While others sat in class and doodled to later become great artists, I sat in class to take notes and become a great test-taker.
While others would come to class without their homework done because they were reading about an interest of theirs, I never missed an assignment.
While others were creating music and writing lyrics, I decided to do extra credit, even though I never needed it.

So, I wonder, why did I even want this position?
Sure, I earned it, but what will come of it?
When I leave educational institutionalism, will I be successful or forever lost?

I have no clue about what I want to do with my life; I have no interests because I saw every subject of study as work, and I excelled at every subject just for the purpose of excelling, not learning.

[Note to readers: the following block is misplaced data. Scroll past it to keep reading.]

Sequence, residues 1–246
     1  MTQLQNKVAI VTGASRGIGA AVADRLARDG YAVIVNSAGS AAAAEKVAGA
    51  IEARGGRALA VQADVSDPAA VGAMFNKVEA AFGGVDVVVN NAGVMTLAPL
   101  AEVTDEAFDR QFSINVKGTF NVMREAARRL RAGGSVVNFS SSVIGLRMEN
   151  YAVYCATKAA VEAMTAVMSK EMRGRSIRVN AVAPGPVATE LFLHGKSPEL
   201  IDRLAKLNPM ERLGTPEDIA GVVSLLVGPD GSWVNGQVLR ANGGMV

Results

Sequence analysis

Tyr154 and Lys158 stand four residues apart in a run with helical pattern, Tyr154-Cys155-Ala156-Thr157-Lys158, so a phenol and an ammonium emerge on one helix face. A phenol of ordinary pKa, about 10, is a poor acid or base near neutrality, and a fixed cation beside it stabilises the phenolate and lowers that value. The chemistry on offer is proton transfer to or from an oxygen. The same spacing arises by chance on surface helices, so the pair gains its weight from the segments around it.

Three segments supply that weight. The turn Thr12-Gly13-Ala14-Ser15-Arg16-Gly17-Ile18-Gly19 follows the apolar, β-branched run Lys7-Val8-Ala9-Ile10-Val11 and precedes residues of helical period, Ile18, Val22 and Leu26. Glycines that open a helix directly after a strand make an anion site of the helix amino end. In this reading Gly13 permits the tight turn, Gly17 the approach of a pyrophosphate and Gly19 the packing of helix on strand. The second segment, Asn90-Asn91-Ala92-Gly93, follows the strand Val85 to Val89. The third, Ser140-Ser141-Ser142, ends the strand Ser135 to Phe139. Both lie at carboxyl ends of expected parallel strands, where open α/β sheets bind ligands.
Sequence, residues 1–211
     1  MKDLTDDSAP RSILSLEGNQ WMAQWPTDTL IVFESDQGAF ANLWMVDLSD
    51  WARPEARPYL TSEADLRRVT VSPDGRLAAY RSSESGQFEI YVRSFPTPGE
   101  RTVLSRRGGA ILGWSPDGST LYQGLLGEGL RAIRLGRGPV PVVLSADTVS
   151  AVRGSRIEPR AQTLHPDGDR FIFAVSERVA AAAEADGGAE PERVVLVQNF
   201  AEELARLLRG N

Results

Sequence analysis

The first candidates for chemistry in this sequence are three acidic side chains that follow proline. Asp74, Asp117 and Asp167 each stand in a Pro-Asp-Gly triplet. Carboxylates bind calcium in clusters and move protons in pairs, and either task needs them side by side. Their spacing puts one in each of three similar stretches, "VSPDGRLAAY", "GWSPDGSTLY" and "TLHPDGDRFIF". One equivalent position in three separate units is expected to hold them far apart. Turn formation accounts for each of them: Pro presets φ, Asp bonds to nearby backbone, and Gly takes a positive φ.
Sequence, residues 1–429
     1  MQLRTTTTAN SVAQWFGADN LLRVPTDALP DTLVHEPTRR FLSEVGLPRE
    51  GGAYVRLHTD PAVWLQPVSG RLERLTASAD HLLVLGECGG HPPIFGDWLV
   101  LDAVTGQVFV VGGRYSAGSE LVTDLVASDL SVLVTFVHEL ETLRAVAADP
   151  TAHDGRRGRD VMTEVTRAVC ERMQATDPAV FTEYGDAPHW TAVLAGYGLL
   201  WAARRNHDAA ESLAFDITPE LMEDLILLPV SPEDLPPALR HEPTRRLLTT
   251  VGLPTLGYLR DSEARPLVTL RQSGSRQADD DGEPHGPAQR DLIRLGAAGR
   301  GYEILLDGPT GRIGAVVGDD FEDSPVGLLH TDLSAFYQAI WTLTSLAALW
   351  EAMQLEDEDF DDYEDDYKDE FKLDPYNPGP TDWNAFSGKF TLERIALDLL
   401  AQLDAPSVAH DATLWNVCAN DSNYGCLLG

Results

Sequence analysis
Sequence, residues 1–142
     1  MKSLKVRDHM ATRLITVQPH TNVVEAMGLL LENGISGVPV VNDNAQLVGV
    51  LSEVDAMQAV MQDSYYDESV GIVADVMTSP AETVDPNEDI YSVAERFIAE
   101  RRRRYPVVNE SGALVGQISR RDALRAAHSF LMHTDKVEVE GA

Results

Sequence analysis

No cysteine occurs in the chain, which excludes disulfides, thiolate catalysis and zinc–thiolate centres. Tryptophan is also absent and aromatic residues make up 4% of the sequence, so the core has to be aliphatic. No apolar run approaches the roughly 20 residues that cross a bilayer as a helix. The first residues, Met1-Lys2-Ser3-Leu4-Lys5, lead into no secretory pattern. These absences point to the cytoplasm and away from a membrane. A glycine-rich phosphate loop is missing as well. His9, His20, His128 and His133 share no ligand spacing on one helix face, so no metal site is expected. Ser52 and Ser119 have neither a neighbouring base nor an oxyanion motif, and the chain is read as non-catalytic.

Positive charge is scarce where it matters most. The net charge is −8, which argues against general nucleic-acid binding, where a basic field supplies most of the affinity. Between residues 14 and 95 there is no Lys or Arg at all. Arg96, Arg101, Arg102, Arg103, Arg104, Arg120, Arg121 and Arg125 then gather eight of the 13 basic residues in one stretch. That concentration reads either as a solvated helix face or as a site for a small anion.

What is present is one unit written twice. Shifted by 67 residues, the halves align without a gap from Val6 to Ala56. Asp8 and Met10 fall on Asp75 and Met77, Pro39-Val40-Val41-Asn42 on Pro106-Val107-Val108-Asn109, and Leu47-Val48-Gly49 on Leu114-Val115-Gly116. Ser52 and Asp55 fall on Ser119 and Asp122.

And quite frankly, now I’m scared.

— Erica Goldson (2010) “Valedictorian Speaks Out Against Schooling in Graduation Speech”

This is an interesting talk about the current USA’s education system (but it’s valid also for Italy, sadly), and it curiously matches pretty well many parts of “Solitude and leadership” (William Deresiewicz).

I agree.
I couldn’t agree more.

I lived all my school years trying to get the maximum “for me” while doing just what was necessary to get the grades. Some teachers understood this, and that made me happy and motivated. But often this system made me angry, because “you’re asking me to do something completely pointless”. In the end, I was lucky enough to probably win on all the fronts (human, professional and for that final sheet of paper).

Erica in her talk explained the problem that troubled me too with a great clarity. A must read.